Another thought from the same thread on the Forge, this one having to do with the idea that characters in HQ can fail in maybe one contest ever session and still be cool, and how to voice that to the players:
Anything in particular I could try to ease the group over into a new mindset about success/failure and fun/unfun?
First, have a frank discussion about something. How many times did you fudge the dice in D&D so that they’d win? I’m going to guess that it was a bunch. Or have to retreat in the final scene to heal up and come back later to take a second stab at it. Where’s the story in that? So you over-ride the rules in order to ensure that the story is better. Why? Because you’re one of those conscientious GMs who wants to insure that the “story” part of the game happens. D&D does little to support the creation of drama itself.
Guilty. Oh so very, very guilty. People in that game like to joke that all I want to do is kill off the group and end the game, but ladies and gentlemen, if that were true the game would have been over in November of 02. I’m just sayin’.
Then ask them if they were aware of your fudging. When they say yes, and that it bothered them in some ways, then ask them if they’d like it if you’d never have to fudge again.
When they say yes (yes I’m making a hell of a lot of assumptions here), then ask them if they trust you to make sure that their characters are cool.
See, that is a very good question — do you trust me to respect your character and the coolness therein? If yes, we’re gold. If no, then why the hell are you playing with my untrustworthy self?
Because, after all, this is what the fudging was about in the other system, where only success is cool. If they trust you, then they have to understand that you, as GM in HQ, have the power to assure that, when they fail, they fail with aplomb.
Without altering the system at all.
Yeah, something I’ve been talking about for a year now is how to be cool even when your fail. Hell, looking good while you’re failing. When you lose a fight, is it because he fought badly? No, the ability level of a character does not change in a contest, the only variable is the die roll. The character always does as well as his ability level would indicate – failure is (usually, not always) the result of the randomness of situation that occurs. I fail to seduce the chick not because I’m not cool – the character sheet says I’m good at this – usually, I’m cool. No, it’s because some stupid waiter spilled soup on me at an inorpportune moment – that’s me blowing the roll.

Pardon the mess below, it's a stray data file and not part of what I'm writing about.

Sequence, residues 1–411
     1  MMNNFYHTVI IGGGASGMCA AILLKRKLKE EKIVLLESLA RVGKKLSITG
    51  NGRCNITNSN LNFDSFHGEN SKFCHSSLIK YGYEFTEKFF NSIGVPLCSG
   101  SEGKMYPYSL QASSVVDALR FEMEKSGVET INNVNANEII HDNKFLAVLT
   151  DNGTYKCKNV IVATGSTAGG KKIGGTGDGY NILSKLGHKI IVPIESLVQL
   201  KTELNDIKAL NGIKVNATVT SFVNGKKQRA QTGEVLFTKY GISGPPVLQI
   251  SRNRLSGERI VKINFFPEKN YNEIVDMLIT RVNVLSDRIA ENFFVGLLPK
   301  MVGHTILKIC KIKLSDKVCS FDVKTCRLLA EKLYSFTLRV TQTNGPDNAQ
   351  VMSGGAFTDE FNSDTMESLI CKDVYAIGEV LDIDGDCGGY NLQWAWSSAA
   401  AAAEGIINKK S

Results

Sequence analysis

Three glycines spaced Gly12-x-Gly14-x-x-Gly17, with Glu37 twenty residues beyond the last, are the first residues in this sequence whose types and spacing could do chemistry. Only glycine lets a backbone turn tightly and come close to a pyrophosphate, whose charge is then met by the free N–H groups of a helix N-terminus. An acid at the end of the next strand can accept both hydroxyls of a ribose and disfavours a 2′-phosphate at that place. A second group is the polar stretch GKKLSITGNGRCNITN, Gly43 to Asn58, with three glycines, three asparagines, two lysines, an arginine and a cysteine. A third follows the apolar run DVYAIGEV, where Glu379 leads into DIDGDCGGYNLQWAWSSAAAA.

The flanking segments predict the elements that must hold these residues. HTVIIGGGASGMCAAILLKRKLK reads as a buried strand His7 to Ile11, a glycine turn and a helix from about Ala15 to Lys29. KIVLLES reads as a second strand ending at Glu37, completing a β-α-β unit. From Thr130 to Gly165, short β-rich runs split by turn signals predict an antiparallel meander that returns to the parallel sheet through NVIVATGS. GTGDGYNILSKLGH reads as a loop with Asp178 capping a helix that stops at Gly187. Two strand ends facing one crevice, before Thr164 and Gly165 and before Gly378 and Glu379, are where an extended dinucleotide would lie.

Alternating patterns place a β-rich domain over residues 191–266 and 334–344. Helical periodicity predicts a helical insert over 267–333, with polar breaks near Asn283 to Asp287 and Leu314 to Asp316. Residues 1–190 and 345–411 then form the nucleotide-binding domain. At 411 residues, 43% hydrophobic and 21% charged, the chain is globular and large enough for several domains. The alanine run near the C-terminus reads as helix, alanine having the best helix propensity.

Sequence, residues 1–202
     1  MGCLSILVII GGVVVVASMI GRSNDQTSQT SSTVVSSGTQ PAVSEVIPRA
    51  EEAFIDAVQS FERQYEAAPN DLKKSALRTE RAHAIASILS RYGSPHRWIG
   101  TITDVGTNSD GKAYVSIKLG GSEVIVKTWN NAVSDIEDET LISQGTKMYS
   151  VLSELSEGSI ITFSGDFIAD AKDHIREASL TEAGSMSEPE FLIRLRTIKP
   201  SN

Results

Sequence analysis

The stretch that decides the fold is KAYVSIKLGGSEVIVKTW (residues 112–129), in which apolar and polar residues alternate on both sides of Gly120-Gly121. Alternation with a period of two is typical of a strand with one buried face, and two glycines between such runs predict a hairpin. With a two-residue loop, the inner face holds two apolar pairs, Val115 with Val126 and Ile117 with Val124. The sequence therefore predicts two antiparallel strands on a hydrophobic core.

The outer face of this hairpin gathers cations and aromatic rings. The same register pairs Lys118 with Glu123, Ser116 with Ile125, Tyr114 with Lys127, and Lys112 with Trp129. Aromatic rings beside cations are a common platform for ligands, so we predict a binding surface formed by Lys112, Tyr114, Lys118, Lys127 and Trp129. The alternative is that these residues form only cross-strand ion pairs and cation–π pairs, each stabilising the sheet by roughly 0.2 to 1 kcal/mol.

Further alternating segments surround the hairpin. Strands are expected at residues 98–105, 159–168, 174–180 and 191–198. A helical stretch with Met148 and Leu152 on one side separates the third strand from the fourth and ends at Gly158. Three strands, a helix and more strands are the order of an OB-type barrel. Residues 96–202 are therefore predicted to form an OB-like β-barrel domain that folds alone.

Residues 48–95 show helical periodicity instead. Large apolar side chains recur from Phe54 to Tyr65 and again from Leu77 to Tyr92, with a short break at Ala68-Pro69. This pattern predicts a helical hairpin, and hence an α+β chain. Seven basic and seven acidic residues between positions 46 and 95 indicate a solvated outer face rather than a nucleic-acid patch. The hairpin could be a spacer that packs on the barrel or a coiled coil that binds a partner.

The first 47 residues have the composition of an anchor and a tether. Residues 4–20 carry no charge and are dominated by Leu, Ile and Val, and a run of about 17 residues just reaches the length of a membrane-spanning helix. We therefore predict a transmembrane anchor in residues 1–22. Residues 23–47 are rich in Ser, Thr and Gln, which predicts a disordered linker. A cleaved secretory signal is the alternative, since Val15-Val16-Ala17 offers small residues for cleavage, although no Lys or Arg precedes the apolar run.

So, if the players trust you to let the dice fall where they may, and to make their character’s look cool when they fail, then what’s next? Here’s an interesting thing. Ask them if they thought it was realistic that all of their opponents were always tailored to their ability level? That is, why is it that they only met orcs when they were first level, and ogres when they were fourth? Why didn’t they meet up with any Ogres at first level?
Man, if I had a buck every time I’ve heard people bitch about this.
Oh, more often, get annoyed when I mention it. No one wants to be reminded that, in the Big Fight, the main fighter needs exactly the same rolls to hit and takes exactly the same percentage of his hit points in damage from the Big Bad, per round, as he did at 1st level.
The only thing that changes is (a) the names (b) the special effects (c) the painful extension to the length of each fight.